As a result, members of the committee worked with Dr. Marika Warren, who oversees ethics consultation processes for the entire province’s health care organization, to begin to address this gap. The creation of a new professional development series of virtual ethics cafés offers opportunities for NSCSW members to reflect upon frequently posed ethical concerns, and to learn about ways to translate those concerns into internal advocacy, by calling for system ethics consultations.

In this way, social workers are able to gather a diverse group of health care professionals to consider the issue from multiple perspectives, and in so doing, to begin to reflect upon larger gaps in system policy and service delivery.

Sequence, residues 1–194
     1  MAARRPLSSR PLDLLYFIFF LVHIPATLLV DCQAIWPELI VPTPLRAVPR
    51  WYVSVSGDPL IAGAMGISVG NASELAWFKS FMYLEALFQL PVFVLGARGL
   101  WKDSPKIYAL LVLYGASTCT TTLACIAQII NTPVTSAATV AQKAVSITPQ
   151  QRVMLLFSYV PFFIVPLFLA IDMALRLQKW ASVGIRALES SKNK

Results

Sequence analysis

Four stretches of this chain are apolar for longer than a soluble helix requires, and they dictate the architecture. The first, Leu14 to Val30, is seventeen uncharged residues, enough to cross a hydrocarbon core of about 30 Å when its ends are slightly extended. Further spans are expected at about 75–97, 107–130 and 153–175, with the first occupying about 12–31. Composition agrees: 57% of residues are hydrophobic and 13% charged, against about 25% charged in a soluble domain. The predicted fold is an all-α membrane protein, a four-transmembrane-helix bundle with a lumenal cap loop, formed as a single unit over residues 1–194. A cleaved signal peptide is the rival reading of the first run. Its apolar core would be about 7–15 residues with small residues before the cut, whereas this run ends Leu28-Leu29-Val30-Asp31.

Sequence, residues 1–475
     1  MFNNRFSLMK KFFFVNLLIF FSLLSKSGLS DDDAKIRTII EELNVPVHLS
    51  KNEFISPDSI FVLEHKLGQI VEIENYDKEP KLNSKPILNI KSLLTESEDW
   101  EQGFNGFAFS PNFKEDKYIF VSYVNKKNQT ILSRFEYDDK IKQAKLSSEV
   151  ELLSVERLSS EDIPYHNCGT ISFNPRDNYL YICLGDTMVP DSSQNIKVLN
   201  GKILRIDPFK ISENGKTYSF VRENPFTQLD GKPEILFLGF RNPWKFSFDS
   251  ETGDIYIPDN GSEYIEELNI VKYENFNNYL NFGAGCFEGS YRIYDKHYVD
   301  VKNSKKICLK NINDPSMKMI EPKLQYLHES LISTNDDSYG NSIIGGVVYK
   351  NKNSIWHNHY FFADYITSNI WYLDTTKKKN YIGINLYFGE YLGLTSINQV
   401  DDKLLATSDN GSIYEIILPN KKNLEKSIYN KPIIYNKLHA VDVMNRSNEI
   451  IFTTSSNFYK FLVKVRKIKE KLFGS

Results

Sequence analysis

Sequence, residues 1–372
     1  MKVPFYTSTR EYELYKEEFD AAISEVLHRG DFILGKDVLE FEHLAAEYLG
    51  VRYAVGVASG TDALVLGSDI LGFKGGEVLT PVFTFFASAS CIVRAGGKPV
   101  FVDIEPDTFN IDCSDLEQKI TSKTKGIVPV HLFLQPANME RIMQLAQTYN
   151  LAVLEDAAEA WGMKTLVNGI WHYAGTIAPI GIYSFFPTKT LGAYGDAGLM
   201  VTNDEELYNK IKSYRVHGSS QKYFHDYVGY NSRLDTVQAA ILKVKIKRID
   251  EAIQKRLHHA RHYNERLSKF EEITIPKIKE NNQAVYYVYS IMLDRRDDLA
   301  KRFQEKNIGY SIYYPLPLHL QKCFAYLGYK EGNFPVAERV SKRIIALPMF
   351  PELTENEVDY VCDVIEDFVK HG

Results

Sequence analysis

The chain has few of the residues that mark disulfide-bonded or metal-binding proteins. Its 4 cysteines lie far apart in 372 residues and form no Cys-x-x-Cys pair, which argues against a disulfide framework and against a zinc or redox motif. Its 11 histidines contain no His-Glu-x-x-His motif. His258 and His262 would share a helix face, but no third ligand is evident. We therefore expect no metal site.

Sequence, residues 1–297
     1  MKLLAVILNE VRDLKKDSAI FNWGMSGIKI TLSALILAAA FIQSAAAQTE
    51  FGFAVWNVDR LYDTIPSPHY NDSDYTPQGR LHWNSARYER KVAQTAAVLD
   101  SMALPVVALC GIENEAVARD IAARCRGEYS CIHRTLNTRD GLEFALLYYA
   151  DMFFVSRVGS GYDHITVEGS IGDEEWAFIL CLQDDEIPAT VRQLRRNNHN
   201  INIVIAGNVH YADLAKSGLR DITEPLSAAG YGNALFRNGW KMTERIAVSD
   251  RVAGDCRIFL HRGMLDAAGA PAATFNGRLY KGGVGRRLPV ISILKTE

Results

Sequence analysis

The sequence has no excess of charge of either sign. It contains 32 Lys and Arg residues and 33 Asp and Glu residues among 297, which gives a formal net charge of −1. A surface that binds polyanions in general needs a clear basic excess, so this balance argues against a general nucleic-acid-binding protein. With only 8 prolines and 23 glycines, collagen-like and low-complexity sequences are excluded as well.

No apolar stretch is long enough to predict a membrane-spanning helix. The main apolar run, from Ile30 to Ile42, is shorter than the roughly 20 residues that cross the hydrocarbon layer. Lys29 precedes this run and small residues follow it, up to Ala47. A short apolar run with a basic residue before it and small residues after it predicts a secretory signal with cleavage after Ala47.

Finally, the professional standards committee is completing another series of guidelines, in response to the recent changes in divorce law, so that social workers can have some guidance when working with children and their families, during situations of divorce and separation. This guidelines, like the documentation guidelines, are undergoing final revisions and integrating the feedback of the NSCSW membership, and upon Council’s approval, will then be disseminated through educational workshops.


Debra Bourque, Jacqueline Duggan, Joline Comeau, Emily Crosby, Bernadette Fraser, Amber Gallant, Linden Hardie, Danielle Hodges, Calandra Kandziora, Stephanie LeBlanc, Terrence Lewis, Helen Luedee, Kimberley MacLean, Lauren Matheson (co-chair), Erin McDonald (co-chair), April MunroWood, Naj Siritsky (staff liaison), Angela Smith, Terri-Lynn Smith, Curtis Stevens, Joanna Thompson

20 Connection | Spring 2023


A report from the Decolonizing Social Work committee